"Castle of Wizardry", the penultimate book in Eddings’ Belgariad series, is another bridge novel in the manner of "Queen of Sorcery". While the second novel in the series was really just a sequence of connected vignettes, Wizardry benefits from more developed relationship complications and some internal struggle. However, the narrative weakness of the overarching prophecy storyline (and a general lack of real momentum) hamper the book.

After retrieving the stolen Orb from the minions aligned wit...more
Reading "The Belgariad" is like eating a bag of potato chips. It's just a lot of empty calories but it's hard to put down. This is your basic kitchen boy who finds out he's destined for something greater story. The characters are all cardboard cutouts and totally predictable. It's still very entertaining and I would recommend it whole heartedly. For something much more meaty, try Martin's "A Song of Ice and Fire" series.

Grace S.
Well what do you know?! I thought we were going to have to wait for book five to finally watch poor Garion realize what we've known since the beginning. But apparently we're going to turn over the whole (view spoiler) card right now. To be honest, it was probably a good time to change things up, because the long slow march towards an ending we already knew was getting a little old.

I also enjoyed the work Eddings put in to...more
Dopo la morte di Ctuchik in La valle di Aldur, Garion e compagnia riprendono il viaggio per dirigersi verso Riva, dove l'Occhio deve essere riportato.

Durante il viaggio, a Garion viene imposto un corso accelerato di “tenere il comando” (condito con pungenti suggerimenti da parte di Silk): nessun lettore ne sarà stupito, visto che tutti immaginiamo da molte pagine quale sarà il suo ruolo all'interno della Profezia, ma forse è un tantino brusco. Tanto che Garion non fa che ricordare i bei tempi fe...more
Sue me, but I think that if someone lived for thousands of years, the effect would be much different form what we see here. It has too childish of a take, like reading a fairy tale. Which has a very good moral hiding under it all, same as here, but I am finding out that it does not seem to work quite as well in a work as long as this.

I am giving way too low of ratings to this series based on how much I really enjoy it, but it feels like it is between 3 and 4, but for some reason I just cannot gi...more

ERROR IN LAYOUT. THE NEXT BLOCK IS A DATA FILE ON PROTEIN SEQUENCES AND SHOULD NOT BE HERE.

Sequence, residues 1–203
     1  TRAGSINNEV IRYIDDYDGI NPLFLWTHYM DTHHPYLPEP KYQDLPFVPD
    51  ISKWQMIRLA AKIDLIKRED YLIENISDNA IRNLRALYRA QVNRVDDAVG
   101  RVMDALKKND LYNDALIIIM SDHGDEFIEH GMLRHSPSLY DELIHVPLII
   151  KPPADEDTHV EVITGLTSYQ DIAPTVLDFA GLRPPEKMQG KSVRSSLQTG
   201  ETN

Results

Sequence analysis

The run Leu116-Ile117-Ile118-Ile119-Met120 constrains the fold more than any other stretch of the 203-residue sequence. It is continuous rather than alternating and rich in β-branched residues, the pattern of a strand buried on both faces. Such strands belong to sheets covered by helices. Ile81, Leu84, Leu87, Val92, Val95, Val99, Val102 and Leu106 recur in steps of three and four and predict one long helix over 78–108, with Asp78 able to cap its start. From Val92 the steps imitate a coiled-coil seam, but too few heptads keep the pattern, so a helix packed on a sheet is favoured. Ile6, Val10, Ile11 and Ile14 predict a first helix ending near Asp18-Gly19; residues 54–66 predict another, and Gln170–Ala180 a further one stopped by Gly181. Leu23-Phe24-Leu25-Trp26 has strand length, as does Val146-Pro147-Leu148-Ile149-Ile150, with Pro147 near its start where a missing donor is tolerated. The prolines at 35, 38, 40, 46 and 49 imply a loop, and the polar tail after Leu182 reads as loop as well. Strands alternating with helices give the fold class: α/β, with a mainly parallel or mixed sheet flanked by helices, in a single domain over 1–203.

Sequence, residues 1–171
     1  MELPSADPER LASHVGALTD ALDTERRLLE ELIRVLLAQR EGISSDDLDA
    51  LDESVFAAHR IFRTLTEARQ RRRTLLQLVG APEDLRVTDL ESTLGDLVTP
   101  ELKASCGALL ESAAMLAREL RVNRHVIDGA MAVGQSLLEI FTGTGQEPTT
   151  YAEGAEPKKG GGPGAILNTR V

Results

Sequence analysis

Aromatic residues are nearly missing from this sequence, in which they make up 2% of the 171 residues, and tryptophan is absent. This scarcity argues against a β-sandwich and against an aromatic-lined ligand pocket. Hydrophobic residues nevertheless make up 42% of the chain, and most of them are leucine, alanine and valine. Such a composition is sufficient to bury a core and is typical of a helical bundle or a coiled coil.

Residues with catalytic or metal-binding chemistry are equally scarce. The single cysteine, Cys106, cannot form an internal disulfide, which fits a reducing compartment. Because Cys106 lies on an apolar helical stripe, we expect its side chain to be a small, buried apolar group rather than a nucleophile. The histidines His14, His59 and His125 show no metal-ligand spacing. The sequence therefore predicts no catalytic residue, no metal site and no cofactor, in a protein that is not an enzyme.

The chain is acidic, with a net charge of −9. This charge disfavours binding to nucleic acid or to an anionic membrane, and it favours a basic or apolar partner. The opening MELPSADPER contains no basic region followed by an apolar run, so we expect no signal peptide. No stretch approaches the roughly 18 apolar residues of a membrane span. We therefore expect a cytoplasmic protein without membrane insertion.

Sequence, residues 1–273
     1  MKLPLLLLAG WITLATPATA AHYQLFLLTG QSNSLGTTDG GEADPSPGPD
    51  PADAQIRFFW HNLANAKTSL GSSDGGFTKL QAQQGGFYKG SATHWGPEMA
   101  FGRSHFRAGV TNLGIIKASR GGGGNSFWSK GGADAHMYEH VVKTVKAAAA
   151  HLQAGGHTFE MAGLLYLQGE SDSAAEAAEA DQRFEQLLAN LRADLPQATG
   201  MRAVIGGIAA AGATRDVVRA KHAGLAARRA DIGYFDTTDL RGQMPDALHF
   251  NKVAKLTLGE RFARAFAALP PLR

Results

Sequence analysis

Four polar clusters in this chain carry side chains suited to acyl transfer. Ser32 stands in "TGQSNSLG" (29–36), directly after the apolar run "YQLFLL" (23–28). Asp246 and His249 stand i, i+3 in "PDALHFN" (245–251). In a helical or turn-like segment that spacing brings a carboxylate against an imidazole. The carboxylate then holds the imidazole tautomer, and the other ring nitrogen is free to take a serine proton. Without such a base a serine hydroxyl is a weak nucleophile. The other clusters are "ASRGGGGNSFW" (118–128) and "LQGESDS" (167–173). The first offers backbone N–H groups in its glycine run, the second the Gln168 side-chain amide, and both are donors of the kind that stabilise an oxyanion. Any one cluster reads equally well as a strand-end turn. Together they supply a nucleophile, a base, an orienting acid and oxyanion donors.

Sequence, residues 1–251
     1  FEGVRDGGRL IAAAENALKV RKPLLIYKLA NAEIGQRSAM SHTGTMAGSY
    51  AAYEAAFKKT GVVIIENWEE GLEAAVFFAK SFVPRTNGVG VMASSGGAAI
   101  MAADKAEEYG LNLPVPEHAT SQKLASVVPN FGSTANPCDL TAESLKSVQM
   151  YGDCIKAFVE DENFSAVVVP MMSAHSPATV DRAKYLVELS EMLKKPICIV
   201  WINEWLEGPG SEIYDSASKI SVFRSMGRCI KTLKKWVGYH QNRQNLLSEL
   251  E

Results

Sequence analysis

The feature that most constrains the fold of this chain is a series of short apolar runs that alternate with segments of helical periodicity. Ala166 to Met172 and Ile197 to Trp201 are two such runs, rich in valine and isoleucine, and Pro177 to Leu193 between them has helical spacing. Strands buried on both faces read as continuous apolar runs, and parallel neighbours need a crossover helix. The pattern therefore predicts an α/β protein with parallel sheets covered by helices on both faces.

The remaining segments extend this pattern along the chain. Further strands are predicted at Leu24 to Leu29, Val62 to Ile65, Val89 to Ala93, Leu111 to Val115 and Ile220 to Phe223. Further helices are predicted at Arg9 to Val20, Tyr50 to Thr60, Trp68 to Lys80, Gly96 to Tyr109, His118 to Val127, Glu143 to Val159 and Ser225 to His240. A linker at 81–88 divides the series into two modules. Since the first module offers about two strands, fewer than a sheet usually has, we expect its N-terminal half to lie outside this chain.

David Sarkies
The penultimate book of the Belgariad
7 July 2012

This is the penultimate book in the Belgariad and pretty much from what I can remember Garion ascends the throne and the scene is being set for the massive battle between the good and the evil nations. When I read this as a teenager, as I have previously mentioned, the books seemed to be a travelogue exploring Edding's world, and it wasn't exactly a world that I really considered to be very realistic.
My suspicions were confirmed in this book when...more
Álvaro Rodrigo
This review has been hidden because it contains spoilers. To view it, click here.
This review has been hidden because it contains spoilers. To view it, click here.
I started to dislike the worldviews of the books. Just a little. I didn't agree with the capitalization of "Gods". (This is the first I read that wasn't an audiobook). I was also more aware, in this book, of the immoral hints. They're not prevalent, but they are present. Belgarath has spent considerable time of the past 4000 years in whorehouses, for example. The characters did not condone these habits, but neither did they take deliberate offense or action against such behavior (except, maybe A...more
In the fourth book of the Belgariad, The Castle of Wizardry, all the set up from the series so far finally come to fruition and the stage is set for the final book. Picking up where the story left off Garion finds himself leading the small group as Belgarath is out of it after the last show down and Polgara is maintaining a shield to protect Errand. What follows is Garion not just making the journey into adult hood but also stepping up into a position of responsibility and authority. Garion fina...more
Garion and his friends have finally taken the orb, but now have to flee back to the Kingdom of Isles, dodging enemy armies and sorcerers, all intent on stopping them. But once there, Garion discovers that his part is far from over. The prophecy that has directed them all has some final surprises in store and Garion ascending the throne of the Riva King seems to him the greatest. With no choice in the matter, he must learn to make decisions and lead all the other Kingdoms of the West, while tryin...more